A review by a High Court judge of daily fines of €700 imposed last month on dismissed schoolteacher Enoch Burke has been deferred.
Mr Justice Brian O’Moore had directed the fines to be imposed on a daily basis from January 27th until Mr Burke purged his contempt of court orders made in September last restraining him attending at Wilson’s Hospital School in Co Westmeath.
If Mr Burke did not purge his contempt, the fines might be increased, the judge said. He listed the matter for review on February 10th but, due to pressures on court lists, the review has been deferred.
Fines hit €9,800
Mr Burke has continued to attend at the school on several dates and the fines, payable through the courts accounting system, had amounted on Thursday to some €9,800. The court is expected to be informed at the forthcoming review whether or not Mr Burke has made any payment.
The September orders restraining Mr Burke’s attendance at the school were made pending a disciplinary process initiated by the school board of management arising from his publicly voiced opposition at a school event in June 2022 to the then school principal’s direction to teachers to refer to a transitioning student by their chosen name and using the pronoun “they”.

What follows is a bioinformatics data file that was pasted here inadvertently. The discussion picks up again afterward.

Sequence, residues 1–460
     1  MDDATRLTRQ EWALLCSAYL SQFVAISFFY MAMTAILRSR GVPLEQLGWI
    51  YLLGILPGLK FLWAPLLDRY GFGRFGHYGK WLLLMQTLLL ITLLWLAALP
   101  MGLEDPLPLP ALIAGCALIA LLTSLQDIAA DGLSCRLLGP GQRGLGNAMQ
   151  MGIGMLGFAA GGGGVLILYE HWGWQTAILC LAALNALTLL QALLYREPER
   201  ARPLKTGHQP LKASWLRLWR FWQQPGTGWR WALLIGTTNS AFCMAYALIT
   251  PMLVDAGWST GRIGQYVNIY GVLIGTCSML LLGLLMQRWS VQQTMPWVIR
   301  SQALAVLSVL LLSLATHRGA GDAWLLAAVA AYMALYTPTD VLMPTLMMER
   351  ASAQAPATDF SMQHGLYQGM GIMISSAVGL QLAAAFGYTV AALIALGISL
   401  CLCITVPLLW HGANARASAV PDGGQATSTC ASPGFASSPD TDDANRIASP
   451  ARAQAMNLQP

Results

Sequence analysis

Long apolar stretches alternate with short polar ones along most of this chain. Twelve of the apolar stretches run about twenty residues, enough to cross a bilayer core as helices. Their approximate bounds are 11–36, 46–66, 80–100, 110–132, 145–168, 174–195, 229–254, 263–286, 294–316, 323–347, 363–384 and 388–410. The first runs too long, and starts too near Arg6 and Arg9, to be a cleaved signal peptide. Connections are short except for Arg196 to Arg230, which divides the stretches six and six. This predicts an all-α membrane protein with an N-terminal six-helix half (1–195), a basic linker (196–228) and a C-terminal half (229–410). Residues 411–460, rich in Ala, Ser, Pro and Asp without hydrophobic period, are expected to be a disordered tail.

Mr Burke was placed on paid administrative leave but, when he continued to attend at the school, he was committed to prison for contempt of the court orders. He was released after 108 days without purging his contempt, after Mr Justice O’Moore said he was exploiting his imprisonment for his own ends.
After Mr Burke resumed attending at the school from January 5th, after the Christmas holidays, the school asked the court to fine him or sequester (temporarily detain) his assets. Before the judge ruled on that application, a disciplinary hearing on January 19th resulted in a decision by the board of management that Mr Burke be dismissed.
He continued to attend at the school and Mr Justice O’Moore decided on January 26th to impose fines of €700 daily from the following day.
The review of the fines has been deferred and the parties will be given notice at a later stage of the relisted date.
Separately, Mr Burke’s appeal against various orders made in the dispute between him and the school is listed to open at the Court of Appeal next Thursday, February 16th. Among his grounds of appeal, he contends the orders breach his constitutional rights, including of freedom of expression and freedom to practise religion.
It is rare for the High Court to impose fines over failure to obey a court order but there have been a small number of cases where it has done so. One of the most controversial instances occurred in January 2000 when Mr Justice Diarmuid O’Donovan, since deceased, imposed a fine of €100,000 daily on the Irish Farmers’ Association (IFA) arising from blockades by farmers of meat processing plants in a dispute over prices.
When blockades continued for five days, the judge said he would increase the fine to €500,000 daily. An emergency meeting of the council of the IFA decided that same evening to lift the blockades.
When increasing the daily fine to €500,000, Mr Justice O’Donovan said he had no intention of imprisoning and making a martyr out of some member of the farming community and would continue imposing fines “until it hurts” and the court order was obeyed.